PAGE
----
Instructional Coaches: Interior Decorators in Education

Guest post by Kristy Gaudio

Anyone who has seen, or binge-watched, a home remodeling series can’t help but obsess over how easy they make it look. The interior decorator quickly transitions through the processes of viewing the room, sketching out a vision, and unveiling the mind blowing result to the homeowner in 30 minutes–minus commercials! But there’s a lot of unmentioned work that Hollywood wants to keep your mind off of–the tireless efforts of the design team. The producers only save this madness for the special “behind the scenes” episode that fills the time while the show is on hiatus, but by doing so, they have left us with a false sense of what is truly involved in order to take a concept from theory to practice.

As an instructional coach, I have gradually realized parallels between my role and that of an interior decorator; it’s actually how I present the idea of coaching cycles to my teachers. ‘Your classroom is a beautiful learning space with so much potential, and any changes we make aren’t in an effort to change you; they are about your space, or in this case, how we can support the students who learn in this classroom.’

In our student-centered coaching cycles, the coaching Moves become the ‘swatches’, custom-picked according to teacher and student needs. And my ‘clients’, teachers and students, bring their hopes, concerns, and eagerness for a new ‘look’. Together, we will establish a ‘budget’ of learning goals and reflect on student learning needs so that we find a way to get the most for our ‘money’. Because while we’re all eager to run out to slap on a fresh coat of instructional strategies, we need to measure the ‘space’ first.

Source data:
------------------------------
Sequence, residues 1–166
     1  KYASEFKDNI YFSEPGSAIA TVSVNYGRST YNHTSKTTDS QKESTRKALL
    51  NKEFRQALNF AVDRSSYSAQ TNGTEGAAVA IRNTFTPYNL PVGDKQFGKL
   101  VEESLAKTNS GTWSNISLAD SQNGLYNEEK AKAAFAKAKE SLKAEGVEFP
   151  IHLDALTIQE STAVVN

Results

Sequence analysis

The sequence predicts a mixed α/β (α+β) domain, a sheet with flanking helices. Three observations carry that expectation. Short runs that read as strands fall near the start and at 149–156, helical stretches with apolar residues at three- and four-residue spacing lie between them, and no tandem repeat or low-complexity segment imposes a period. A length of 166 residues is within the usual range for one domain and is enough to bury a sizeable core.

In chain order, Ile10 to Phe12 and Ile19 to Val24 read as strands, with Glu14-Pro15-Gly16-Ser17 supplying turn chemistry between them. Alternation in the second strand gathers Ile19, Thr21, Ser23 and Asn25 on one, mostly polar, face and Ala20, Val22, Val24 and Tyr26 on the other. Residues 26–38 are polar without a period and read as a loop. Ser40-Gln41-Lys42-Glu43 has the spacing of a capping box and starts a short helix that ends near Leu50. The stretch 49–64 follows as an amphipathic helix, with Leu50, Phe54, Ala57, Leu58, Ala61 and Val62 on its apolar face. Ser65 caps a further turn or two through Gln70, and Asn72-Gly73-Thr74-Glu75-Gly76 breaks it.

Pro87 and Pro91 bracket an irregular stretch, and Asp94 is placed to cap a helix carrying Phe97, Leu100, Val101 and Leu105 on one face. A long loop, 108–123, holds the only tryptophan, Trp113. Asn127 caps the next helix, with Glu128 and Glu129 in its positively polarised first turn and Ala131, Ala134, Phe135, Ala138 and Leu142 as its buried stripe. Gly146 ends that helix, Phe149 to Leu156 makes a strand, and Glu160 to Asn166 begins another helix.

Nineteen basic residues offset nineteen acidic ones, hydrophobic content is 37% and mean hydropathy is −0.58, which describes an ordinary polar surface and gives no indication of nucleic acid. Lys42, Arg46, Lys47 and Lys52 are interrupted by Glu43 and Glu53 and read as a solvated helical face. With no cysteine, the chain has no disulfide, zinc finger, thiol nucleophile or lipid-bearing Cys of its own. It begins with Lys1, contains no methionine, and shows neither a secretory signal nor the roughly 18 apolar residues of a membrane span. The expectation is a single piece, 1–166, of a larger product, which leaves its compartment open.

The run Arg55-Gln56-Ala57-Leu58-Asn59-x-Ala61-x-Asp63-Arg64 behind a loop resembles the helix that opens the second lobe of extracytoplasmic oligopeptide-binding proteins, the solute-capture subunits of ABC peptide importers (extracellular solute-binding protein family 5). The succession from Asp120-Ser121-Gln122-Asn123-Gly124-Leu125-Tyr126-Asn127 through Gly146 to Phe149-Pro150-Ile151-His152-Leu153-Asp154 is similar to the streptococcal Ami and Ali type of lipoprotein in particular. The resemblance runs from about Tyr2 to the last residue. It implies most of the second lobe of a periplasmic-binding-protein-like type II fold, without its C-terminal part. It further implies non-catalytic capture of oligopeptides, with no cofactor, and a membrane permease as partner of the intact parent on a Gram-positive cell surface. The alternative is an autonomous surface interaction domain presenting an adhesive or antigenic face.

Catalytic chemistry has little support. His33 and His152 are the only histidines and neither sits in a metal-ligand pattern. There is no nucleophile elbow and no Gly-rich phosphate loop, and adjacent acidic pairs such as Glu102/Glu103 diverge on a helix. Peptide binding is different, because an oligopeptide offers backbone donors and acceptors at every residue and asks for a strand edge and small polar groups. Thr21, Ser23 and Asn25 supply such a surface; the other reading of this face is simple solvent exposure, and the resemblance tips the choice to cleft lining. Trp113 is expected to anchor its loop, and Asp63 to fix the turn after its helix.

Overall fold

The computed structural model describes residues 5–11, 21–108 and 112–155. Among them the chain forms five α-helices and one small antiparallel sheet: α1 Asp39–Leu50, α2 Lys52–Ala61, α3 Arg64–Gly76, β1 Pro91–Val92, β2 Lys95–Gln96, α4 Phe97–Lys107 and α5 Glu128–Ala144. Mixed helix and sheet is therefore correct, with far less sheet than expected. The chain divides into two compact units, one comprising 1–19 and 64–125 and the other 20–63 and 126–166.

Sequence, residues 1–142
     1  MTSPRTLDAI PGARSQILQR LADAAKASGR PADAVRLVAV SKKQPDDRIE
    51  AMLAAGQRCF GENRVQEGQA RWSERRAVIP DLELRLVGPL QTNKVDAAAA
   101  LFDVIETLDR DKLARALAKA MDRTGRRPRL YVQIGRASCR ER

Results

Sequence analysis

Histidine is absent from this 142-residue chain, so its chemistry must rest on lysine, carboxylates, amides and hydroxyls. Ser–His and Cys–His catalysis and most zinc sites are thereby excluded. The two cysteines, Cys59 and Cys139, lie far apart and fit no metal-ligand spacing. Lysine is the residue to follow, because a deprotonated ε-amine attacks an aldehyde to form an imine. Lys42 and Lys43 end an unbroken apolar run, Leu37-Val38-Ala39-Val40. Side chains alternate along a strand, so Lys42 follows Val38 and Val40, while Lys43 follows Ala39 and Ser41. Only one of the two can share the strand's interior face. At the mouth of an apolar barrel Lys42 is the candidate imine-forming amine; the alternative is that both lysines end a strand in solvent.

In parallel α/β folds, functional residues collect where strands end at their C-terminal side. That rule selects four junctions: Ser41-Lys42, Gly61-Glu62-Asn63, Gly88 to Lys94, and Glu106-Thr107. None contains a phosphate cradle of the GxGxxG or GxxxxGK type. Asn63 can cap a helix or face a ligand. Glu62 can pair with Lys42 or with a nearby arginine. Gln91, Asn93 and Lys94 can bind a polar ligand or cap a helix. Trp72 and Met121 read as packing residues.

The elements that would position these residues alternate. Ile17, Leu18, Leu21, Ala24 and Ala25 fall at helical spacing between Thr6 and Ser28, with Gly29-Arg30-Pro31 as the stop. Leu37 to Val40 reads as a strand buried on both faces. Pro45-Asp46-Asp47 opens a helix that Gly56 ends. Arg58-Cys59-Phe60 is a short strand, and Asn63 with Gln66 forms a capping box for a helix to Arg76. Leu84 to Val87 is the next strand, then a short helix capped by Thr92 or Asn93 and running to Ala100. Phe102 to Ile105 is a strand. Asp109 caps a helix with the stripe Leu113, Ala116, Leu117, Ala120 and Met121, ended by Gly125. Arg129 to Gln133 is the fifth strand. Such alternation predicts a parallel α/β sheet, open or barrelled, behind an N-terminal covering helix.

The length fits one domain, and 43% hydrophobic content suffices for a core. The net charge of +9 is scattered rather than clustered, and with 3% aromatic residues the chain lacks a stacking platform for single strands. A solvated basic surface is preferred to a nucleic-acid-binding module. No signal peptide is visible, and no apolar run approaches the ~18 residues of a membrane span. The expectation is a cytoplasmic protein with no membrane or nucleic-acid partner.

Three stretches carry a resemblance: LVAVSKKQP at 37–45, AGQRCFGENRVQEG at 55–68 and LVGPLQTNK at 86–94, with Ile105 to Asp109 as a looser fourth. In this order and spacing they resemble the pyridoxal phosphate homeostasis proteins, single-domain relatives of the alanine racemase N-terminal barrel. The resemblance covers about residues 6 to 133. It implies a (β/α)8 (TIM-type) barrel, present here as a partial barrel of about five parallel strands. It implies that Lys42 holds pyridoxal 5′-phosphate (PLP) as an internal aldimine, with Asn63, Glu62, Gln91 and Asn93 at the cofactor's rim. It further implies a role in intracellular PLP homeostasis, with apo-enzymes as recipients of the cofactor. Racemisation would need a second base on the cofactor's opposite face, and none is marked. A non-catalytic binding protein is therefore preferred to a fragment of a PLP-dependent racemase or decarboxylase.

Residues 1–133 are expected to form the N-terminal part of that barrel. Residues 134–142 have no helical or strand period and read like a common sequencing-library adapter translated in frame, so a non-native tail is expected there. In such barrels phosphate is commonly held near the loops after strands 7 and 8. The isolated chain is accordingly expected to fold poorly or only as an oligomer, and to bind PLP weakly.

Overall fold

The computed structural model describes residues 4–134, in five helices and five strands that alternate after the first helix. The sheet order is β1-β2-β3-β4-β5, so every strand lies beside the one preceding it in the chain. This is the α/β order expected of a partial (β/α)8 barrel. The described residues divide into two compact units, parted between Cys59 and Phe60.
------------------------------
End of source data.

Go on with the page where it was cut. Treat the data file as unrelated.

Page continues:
While there are many similarities to be explored in this extended metaphor, I think there’s more to be mined from two, striking differences: the value placed on vulnerability and sustainability.

We’ve all tried those DIY projects that promise even YOU can do this in only 3 steps… they never pan out. Don’t blame your lack of an inner Martha; the blame goes to the vulnerability these shows are not willing to share. Hiding the “behind the scenes” process promotes the fantasy world they know viewers want to escape to, but instructional coaches know better. We embrace this vulnerability, because we know it is essential if we aim to make connections and promote growth. Coaches level with teachers– “I am not the expert, and I don’t have all of the answers. Instead, we’re going to roll up our sleeves and let this process unfold together so that we can make on-the-spot decisions”. Just be wary of self-deprecation–vulnerability’s distant cousin. Selling yourself short will not positively impact any of your goals; instead, become comfortable with showing up, listening, and trusting that your shared experiences will guide you.